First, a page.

HIST 202: European Civilization, 1648-1945

Lecture 22 - Fascists. While Nazi Germany's crimes were unprecedented, Adolf Hitler himself was in many respects a typical figure. An idle youth, of seemingly mediocre talents, his political career and passionate hatreds were formed by the experience of World War I. The rise of fascism in Germany, as elsewhere, must be understood in the context of a postwar climate of resentment and instability. Germany's economic crisis, in particular, led the middle classes to support National Socialism well before any other group. This resentment would find a ready outlet in the form of increasingly persecuted minority populations, above all the Jews. In considering Nazism against the backdrop of a more general wave of extreme rightwing and fascist political sentiment, it is important to note that the policies of the Third Reich were not only known to but also endorsed by the majority of the German population. (from

Lecture 22 - Fascists

Time Lecture Chapters
[00:00:00] 1. The Life of Adolf Hitler
[00:20:39] 2. Support of the Nazi Party: Rightwing Revisionism After the First World War
[00:33:15] 3. Order, Terror and Atomization: Society in Nazi Germany
[00:42:16] 4. Faith unto Death: Nazis throughout and After the War

Lecture 22 - Fascists
Instructor: Professor John Merriman. Transcript [html]. Audio [mp3]. Download Video [mov].

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Lecture 01 - Introduction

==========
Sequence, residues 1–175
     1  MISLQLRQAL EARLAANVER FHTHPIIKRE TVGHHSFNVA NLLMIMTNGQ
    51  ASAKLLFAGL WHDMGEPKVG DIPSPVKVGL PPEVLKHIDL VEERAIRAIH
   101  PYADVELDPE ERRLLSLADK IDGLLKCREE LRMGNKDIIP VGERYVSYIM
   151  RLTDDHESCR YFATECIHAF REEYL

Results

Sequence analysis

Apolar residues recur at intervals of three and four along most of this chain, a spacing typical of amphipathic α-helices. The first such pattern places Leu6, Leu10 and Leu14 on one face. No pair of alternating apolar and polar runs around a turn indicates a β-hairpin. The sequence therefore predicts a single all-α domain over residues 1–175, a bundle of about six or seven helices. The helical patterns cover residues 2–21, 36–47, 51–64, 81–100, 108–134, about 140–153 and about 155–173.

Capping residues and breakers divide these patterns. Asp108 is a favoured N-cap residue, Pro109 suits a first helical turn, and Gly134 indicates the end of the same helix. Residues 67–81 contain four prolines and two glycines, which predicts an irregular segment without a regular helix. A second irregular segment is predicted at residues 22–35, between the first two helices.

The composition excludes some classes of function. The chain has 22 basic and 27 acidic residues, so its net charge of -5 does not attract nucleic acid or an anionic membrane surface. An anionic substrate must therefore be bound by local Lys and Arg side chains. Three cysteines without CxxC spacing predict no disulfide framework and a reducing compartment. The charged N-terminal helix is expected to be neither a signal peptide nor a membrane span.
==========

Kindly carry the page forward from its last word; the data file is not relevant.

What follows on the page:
Lecture 02 - Absolutism and the State
Lecture 03 - Dutch and British Exceptionalism
Lecture 04 - Peter the Great
Lecture 05 - The Enlightenment and the Public Sphere
Lecture 06 - Maximilien Robespierre and the French Revolution
Lecture 07 - Napoleon
Lecture 08 - Industrial Revolutions
Lecture 09 - Middle Classes
Lecture 10 - Popular Protest
Lecture 11 - Why no Revolution in 1848 in Britain
Lecture 12 - Nineteenth-Century Cities
Lecture 13 - Nationalism
Lecture 14 - Radicals
Lecture 15 - Imperialists and Boy Scouts
Lecture 16 - The Coming of the Great War
Lecture 17 - War in the Trenches
Lecture 18 - Sites of Memory, Sites of Mourning (Guest Lecture by Jay Winters)
Lecture 19 - The Romanovs and the Russian Revolution
Lecture 20 - Successor States of Eastern Europe
Lecture 21 - Stalinism
Lecture 22 - Fascists
Lecture 23 - Collaboration and Resistance in World War II
Lecture 24 - The Collapse of Communism and Global Challenges